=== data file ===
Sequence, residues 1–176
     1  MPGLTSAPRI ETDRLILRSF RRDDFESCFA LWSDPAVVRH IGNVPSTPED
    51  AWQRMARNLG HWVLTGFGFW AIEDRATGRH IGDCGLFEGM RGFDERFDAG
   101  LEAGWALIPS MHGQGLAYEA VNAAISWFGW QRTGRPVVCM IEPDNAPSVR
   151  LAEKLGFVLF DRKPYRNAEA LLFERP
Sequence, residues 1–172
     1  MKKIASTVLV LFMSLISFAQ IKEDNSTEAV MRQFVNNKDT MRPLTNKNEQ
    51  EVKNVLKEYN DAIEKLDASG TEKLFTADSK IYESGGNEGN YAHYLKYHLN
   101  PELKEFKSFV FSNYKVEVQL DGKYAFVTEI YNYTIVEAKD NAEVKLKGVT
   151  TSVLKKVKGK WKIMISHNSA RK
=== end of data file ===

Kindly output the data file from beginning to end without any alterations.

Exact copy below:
Sequence, residues 1–176
     1  MPGLTSAPRI ETDRLILRSF RRDDFESCFA LWSDPAVVRH IGNVPSTPED
    51  AWQRMARNLG HWVLTGFGFW AIEDRATGRH IGDCGLFEGM RGFDERFDAG
   101  LEAGWALIPS MHGQGLAYEA VNAAISWFGW QRTGRPVVCM IEPDNAPSVR
   151  LAEKLGFVLF DRKPYRNAEA LLFERP
Sequence, residues 1–172
     1  MKKIASTVLV LFMSLISFAQ IKEDNSTEAV MRQFVNNKDT MRPLTNKNEQ
    51  EVKNVLKEYN DAIEKLDASG TEKLFTADSK IYESGGNEGN YAHYLKYHLN
   101  PELKEFKSFV FSNYKVEVQL DGKYAFVTEI YNYTIVEAKD NAEVKLKGVT
   151  TSVLKKVKGK WKIMISHNSA RK